ERA is a method of assessing when the endometrium is most receptive, in order to give a personalised embryo transfer plan.
The receptivity of the endometrium is a crucial factor in determining the success of IVF treatment.
The endometrium is the tissue lining the uterus, which gets thicker during the cycle until it reaches the optimum thickness for implantation following ovulation. The endometrial receptivity is the status in which the endometrium is ready for embryo implantation to take place and it is also called window of implantation. This occurs normally around days 19-21 in each menstrual cycle of a fertile woman.
In some couples who have recurrent implantation failure, it may be that the window of implantation is displaced either back or forward a few days. The ERA test involves taking a biopsy of the womb-lining and analysing the genes of this tissue taken on the day of “normal” receptivity”. The biopsy procedure is simple, fast and performed in the office in a similar procedure to an embryo transfer.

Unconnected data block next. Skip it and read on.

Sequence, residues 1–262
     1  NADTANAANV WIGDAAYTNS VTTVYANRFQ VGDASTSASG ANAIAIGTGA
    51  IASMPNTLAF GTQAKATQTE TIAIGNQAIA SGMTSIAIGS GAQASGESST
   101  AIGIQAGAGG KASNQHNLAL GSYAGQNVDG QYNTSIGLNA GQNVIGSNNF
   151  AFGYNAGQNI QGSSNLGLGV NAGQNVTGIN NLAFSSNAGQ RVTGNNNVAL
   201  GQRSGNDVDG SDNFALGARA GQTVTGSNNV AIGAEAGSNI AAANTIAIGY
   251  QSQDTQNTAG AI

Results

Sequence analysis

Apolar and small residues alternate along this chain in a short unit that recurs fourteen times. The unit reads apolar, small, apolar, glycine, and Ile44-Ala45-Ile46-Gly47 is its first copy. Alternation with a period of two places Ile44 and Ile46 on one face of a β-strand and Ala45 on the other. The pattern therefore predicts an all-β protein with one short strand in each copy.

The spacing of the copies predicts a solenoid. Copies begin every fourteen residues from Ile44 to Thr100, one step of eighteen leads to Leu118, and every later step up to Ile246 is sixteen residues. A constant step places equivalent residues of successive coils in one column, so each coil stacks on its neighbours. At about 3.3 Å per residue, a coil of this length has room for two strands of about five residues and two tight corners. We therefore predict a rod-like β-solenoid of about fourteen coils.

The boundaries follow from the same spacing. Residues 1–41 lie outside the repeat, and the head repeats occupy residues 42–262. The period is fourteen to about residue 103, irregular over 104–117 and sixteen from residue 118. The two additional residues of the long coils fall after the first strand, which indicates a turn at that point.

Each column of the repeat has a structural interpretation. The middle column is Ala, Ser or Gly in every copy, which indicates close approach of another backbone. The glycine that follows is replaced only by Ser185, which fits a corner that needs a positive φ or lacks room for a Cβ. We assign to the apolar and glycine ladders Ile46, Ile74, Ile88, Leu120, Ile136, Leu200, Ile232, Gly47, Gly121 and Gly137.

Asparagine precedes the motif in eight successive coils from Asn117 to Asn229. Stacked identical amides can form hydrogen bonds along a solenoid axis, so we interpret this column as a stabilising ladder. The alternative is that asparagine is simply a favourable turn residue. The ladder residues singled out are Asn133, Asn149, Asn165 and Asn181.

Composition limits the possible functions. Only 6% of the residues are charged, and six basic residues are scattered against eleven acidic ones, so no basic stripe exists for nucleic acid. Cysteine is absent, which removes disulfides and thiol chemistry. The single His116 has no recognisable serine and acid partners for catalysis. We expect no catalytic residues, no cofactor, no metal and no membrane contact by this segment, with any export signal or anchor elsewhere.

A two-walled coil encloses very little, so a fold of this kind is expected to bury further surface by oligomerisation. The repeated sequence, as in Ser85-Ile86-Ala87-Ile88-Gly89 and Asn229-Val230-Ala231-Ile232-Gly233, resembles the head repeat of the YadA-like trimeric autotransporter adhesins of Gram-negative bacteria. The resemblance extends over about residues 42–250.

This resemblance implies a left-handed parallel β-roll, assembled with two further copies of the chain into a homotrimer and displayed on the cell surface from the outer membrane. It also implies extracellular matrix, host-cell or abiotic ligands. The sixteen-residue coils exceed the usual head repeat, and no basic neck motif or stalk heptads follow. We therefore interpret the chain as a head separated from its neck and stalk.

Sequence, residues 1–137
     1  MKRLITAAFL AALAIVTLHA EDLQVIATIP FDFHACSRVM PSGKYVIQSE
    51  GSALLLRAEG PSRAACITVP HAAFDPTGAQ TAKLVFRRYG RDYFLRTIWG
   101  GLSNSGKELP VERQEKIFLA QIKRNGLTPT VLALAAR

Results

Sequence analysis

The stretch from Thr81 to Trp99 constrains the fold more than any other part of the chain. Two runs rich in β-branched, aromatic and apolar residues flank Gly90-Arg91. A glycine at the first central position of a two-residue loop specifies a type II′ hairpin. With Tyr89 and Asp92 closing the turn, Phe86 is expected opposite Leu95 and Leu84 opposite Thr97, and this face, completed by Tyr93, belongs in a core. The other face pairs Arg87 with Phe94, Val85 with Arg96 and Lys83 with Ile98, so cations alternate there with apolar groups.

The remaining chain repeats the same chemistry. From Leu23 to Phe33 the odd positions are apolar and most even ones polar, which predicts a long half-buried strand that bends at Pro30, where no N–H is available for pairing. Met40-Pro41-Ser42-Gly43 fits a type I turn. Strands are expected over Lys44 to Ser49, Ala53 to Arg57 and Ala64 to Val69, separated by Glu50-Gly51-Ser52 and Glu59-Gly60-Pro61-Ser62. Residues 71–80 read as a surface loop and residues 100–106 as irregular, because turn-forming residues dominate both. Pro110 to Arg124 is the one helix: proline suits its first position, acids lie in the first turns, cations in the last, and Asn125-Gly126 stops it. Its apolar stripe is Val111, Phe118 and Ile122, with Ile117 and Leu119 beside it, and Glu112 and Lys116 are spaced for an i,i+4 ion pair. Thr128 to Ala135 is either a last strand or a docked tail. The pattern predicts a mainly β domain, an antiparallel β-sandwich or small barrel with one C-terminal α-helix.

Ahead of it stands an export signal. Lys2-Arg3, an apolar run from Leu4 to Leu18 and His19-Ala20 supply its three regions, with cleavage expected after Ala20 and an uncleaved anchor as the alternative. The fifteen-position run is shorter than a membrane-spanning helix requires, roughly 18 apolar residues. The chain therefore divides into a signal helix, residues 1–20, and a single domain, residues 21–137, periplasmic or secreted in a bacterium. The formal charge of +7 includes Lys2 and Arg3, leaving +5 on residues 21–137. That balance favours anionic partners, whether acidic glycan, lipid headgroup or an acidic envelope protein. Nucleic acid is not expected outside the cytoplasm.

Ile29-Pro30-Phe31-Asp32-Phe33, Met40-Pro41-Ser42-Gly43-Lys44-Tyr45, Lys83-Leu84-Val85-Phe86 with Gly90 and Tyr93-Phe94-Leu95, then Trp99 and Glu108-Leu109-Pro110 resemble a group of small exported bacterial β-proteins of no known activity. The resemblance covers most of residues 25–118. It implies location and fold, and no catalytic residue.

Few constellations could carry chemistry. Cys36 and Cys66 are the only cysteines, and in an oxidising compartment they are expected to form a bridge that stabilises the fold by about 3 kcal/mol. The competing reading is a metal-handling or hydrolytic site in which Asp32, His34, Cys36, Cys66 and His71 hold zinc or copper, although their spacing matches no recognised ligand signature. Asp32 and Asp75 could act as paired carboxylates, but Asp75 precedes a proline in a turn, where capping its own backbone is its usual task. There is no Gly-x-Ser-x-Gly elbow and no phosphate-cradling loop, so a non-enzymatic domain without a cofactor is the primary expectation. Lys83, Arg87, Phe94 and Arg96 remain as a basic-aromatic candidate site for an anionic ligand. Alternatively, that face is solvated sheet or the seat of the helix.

ERA can identify certain genes that are active when the endometrium is receptive, and it can pinpoint these genes and check whether they are switched on or not. This gives a good idea of whether the endometrium is ‘pre-receptive’, ‘receptive’ or ‘post-receptive’. The test will be carried out in the month prior to the treatment cycle, and the results will determine the exact timing of the embryo transfer in the month of treatment.
In up to 20% of couples with repeated implantation failure this result confirms the endometrium is “non-receptive” so the window of implantation is displaced. This can allow us to personalise the day of embryo transfer and may minimise further failed cycles. This is a good tool to consider however four out of five tests are normal and so it may not be the answer for everyone.